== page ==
Western Ghats Rivers & Streams

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Ramganga river in Corbett National Park, Uttar Pradesh, India.
© WWF-Canon / Gerald S. CUBITT

About the Area

The Western Ghats run north to south for about 9,941 miles (1,600 km) and have peaks of many different heights up to 8,841 feet (2,695 m). The hill ranges of the Western Ghats, running from the river Tapti in the North to Kanyakumari in the South, stands as a great barrier between the West coast of India and the rest of the peninsula. This positioning influences rainfall patterns and the high precipitation of the Western slopes makes the Western Ghats biologically rich and geographically unique.

Steep canyons and countless small streams cut across the mountainsides that face west, but to the east there are gentle slopes and wide valleys. Several major rivers run either inland or toward the Bay of Bengal, including the Bhima, Godavari, Krishna, and Kaveri.

The small rivers and streams draining the old, isolated, and relatively stable Western Ghats host a highly endemic aquatic biota with over 100 fish, about 20 per cent of mollusc species, and 100 amphibian species endemic to this ecoregion.
Size:
158,000 sq. km (61,000 sq. miles)

Habitat type:

Small Rivers

Geographic Location:
Southwestern Asia: western India

Conservation Status:
Critical/Endangered
Local Species
Eighteen fish species in 6 families are recognised as threatened, including the Malabar batasio (Batasio travancoria), Peninsular hilltrout (Lepidopygopsis typus), 6 species in the genus Hypselobarbus, and Indian blind catfish (Horaglanis krishnai). 2 endemic genera of gastropods, Turbinicola and Cremnoconchus, also live here.
 / ©: WWF-Canon / Y.-J. REY-MILLET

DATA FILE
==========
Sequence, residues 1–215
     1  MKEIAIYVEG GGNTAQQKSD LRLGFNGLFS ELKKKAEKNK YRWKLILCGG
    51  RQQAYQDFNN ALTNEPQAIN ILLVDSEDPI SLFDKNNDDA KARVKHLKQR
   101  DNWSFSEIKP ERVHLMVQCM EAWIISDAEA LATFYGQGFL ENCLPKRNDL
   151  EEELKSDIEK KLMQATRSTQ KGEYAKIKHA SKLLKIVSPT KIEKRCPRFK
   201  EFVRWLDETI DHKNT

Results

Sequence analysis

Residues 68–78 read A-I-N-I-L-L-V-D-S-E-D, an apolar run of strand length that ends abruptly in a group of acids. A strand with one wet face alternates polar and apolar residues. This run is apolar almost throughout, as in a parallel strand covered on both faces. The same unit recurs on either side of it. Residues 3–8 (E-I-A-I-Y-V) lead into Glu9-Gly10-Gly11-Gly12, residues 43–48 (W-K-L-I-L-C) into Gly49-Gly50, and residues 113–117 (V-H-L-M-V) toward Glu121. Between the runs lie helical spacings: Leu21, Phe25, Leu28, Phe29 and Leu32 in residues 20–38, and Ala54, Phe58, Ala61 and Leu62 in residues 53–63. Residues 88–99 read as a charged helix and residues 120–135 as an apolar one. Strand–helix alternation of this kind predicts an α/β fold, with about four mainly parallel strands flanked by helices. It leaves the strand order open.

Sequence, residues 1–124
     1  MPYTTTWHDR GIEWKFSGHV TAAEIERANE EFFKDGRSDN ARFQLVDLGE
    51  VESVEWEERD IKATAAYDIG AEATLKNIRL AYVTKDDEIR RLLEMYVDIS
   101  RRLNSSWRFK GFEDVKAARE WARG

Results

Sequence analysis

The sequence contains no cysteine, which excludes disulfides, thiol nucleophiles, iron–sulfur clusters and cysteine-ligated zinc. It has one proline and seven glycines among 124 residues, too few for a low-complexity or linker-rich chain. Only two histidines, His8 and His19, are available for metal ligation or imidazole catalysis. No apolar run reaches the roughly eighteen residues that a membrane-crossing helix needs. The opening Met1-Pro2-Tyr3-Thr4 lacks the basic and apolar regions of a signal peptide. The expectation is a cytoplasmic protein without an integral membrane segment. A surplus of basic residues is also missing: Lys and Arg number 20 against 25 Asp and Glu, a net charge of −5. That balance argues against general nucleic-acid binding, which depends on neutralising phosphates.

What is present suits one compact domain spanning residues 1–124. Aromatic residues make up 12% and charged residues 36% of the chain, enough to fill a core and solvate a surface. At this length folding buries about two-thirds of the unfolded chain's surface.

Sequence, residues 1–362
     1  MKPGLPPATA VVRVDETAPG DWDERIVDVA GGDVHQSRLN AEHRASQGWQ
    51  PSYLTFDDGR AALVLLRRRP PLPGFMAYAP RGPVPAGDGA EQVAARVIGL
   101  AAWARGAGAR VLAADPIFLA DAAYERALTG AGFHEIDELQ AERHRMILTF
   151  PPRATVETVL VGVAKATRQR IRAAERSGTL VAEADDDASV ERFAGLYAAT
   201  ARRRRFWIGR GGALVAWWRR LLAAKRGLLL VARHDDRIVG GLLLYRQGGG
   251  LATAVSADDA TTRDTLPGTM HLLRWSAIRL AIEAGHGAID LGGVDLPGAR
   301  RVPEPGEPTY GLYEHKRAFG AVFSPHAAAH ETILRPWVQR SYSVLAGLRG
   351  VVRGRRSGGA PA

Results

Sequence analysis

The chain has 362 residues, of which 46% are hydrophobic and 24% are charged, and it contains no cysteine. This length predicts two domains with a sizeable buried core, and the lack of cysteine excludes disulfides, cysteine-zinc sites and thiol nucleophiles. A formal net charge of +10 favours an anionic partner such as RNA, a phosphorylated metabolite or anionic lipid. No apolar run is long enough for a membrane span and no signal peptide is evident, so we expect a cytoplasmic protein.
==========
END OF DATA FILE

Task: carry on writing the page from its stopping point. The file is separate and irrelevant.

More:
Greylag goose (Anser anser).
© WWF-Canon / Y.-J. REY-MILLET

Featured species

Indian blind catfish (Horaglanis krishnai)

Its size is about 4.2 cm. It is found in wells. Migrates from one well to another through underground water channels. This fish has no externally visible eyes. Absence of eyes is brought about the degeneration of the optic lobes.

It is a depigmented and scaleless fish. It has a free, not enclosed, swim bladder. It has a bulbous stomach that helps store food and the ileo-sphincter helps retain the digested food to maximize absorption. The bones of the skull are firmly articulated.

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Threats
Urbanisation, construction of dams, water diversion projects, fish harvesting, conversion to agriculture (e.g., rubber plantations), deforestation and its consequent effects on water quality and flow regimes - pose the largest threats to freshwater systems in this ecoregion.
WWF’s work

Project: Conservation Planning for the Central Hill Landscape in the Southwestern Ghats
The two-year programme focuses on the Southwestern Ghats, India. This ecoregion and globally identified "hotspot" is acknowledged for the richness of biodiversity and endemism in the flora and fauna. However, large-scale conversion of pristine forest areas for commercial plantations, overexploitation of biological resources and other development in the region have rendered many species vulnerable to extinction.

The Forests and Biodiversity, Species Conservation and the Freshwater and Wetlands Divisions of WWF India will work in close coordination to facilitate policy dialogues with stakeholders and address the conservation issues of CHL- Central Hill Landscape.

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